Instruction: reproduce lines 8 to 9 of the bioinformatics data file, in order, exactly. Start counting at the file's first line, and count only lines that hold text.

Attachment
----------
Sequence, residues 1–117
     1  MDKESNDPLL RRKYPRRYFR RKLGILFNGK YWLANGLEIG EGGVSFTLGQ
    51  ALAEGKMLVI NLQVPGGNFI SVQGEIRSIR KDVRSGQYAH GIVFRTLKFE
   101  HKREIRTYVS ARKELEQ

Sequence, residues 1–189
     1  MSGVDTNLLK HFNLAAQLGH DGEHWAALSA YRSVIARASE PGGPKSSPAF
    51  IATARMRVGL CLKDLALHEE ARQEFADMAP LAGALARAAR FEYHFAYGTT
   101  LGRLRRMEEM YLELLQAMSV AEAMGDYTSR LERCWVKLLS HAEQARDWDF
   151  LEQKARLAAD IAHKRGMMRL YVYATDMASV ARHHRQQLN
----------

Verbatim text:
   101  LGRLRRMEEM YLELLQAMSV AEAMGDYTSR LERCWVKLLS HAEQARDWDF
   151  LEQKARLAAD IAHKRGMMRL YVYATDMASV ARHHRQQLN